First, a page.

Topic: 701TM -PITCHED
Pipe 701TM dies while stamping it after
15-20 hours of work was put into it. . .
'Dress Black Pipes," a phrase I believe coined by Dunhill, refers to a deeply black pipe, or in there case with reddish undertones. It is also considered more formal a pipe for "dressier" occasions.
Unfortuneatley in more recent years it has been negatively associated with pipes made of lessor qualtiy briar. Not always true. I like Black pipes which is why I started the Raven Series, and made the "Blackfriar" for myself.
True the briar wasn't of the finest quality, but is in now way inferior. and, neither would I be crazy enough to stain a straight grain black, but please enjoy them for there awesom finish. The "Blackfriar" didn't end up as deeply black as I wanted so I researched staining on pipemakersforum.com and learned the following about stains:
These facts will be put into practice on this pipe (701TM) and 702TM, and everyother black pipe hereafter.
I finished coat one on 01TM today. Remeber, this pipe is spoken for and will not be offered for sale.
This pipe is not finished but is already "spoken for." It was carved, by hand on the only marble bridge in North America. It is 15 feet thick and spans a distance of 30 feet across the chasm. The marble in the bridge was formed when limestone, a rock made of ocean sediments, was subjected to tremendous pressure and high temperatures during mountain building. The heat and pressure transformed the limestone into marble.
This is a favorite spot of mine. Romantic writer, Nathaniel Hawthorne, visited here in 1838 and recorded his experience about Hudson's Cave (or Falls) in An American Notebook "The cave makes a fresh impression on me every time I visit it ... so deep, so irregular, so gloomy, so stern."
Note: pipe 701TM is already "spoken for." I am smoking a 19th century boxwood pipe from China. It is carved with a dragon and sports a wooden stem. It seemed fitting to smoke it here... My dog was very scared, she doesn't like stairs let alone rocky gorges!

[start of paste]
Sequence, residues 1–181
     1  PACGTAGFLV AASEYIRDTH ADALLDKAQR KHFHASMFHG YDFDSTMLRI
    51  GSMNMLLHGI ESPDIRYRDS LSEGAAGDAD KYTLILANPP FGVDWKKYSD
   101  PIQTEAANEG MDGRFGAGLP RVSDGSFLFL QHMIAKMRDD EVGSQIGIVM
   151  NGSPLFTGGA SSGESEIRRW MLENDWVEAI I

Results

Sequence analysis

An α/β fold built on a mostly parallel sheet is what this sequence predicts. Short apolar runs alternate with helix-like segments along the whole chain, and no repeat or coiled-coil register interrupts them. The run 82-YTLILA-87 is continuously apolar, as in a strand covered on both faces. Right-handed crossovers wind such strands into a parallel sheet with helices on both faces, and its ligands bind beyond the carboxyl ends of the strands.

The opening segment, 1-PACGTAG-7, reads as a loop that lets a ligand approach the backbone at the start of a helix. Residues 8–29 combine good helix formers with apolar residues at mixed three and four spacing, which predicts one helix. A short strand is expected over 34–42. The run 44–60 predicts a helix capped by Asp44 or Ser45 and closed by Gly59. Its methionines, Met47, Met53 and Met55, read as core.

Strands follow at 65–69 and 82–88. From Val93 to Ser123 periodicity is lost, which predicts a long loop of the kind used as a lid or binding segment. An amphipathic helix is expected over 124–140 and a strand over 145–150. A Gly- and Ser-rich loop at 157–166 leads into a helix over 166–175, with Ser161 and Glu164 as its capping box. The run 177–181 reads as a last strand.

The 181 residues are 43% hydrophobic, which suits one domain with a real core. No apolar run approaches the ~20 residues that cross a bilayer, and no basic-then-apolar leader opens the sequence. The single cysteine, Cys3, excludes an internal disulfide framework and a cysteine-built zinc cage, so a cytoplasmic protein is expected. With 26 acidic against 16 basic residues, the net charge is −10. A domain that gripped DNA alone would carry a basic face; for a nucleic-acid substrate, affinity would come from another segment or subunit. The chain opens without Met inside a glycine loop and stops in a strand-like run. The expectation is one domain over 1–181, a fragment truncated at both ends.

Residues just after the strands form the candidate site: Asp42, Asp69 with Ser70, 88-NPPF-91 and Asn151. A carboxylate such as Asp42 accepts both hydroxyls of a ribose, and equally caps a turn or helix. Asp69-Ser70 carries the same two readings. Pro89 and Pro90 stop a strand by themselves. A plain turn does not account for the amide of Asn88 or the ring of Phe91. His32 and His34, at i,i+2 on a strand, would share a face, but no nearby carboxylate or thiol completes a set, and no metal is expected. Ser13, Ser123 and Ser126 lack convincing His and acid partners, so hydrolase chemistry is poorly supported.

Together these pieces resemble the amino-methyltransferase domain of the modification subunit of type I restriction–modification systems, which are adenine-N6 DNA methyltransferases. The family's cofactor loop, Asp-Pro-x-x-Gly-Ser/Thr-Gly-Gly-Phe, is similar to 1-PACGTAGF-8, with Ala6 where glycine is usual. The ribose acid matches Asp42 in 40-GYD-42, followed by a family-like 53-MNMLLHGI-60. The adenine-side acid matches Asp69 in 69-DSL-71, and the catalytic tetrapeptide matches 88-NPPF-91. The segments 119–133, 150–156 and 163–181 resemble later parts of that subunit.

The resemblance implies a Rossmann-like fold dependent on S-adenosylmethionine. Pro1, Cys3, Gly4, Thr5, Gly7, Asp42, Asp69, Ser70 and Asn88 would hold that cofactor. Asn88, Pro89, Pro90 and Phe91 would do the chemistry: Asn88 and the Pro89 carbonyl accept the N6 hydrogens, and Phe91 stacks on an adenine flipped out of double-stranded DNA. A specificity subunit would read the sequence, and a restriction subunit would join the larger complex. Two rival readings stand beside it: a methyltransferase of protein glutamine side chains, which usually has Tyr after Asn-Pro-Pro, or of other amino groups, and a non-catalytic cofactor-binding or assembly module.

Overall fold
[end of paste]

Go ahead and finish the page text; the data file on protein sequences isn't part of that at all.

Pipe 701TM (and 702TM) are part of the "Raven" series sometimes refered to as the Blackfriar. Thse pipes will have the Blackrock finish: handcarved with knife, and stained balck; Raven black. You'll see I start the pipe on the drill press which my wife bought for me for Christmas.
Its hard getting used to new equpiment which mandates a new process, but its "all good." It already has made the two holes (chamber and draft) easier to drill. I decided to try a third hole whic will serve as a "stop cut" for where I believe to be the hardest joint on the pipe, because its a blind cut. You can not see the intersection until you remove the wood. I noticed on other forums, tha many new makers struggle with. This method helps, but of course you'll need to make sure the stop-hole is where you approxiamtely want the intersect to be.
Also something unique to me, is using the hole saw to shape the outside of the bowl, where the majority of makers use a lathe. I do own an antique treadle lathe not disimilar to what was used in Merrschuam Pipemaking. Mine is retrofitted with a motor, and I just dont like using it. Maybe someday. In the meantime My method is a more than adequate work around, sepecially for billiard variations. It serves well, also, in drilling a pilot hole for the tobacco chamber.
Please consider buying this pipe. It will be posted for sale at the TM Pipe Shop once complete. It will sell for $50 USD or less.
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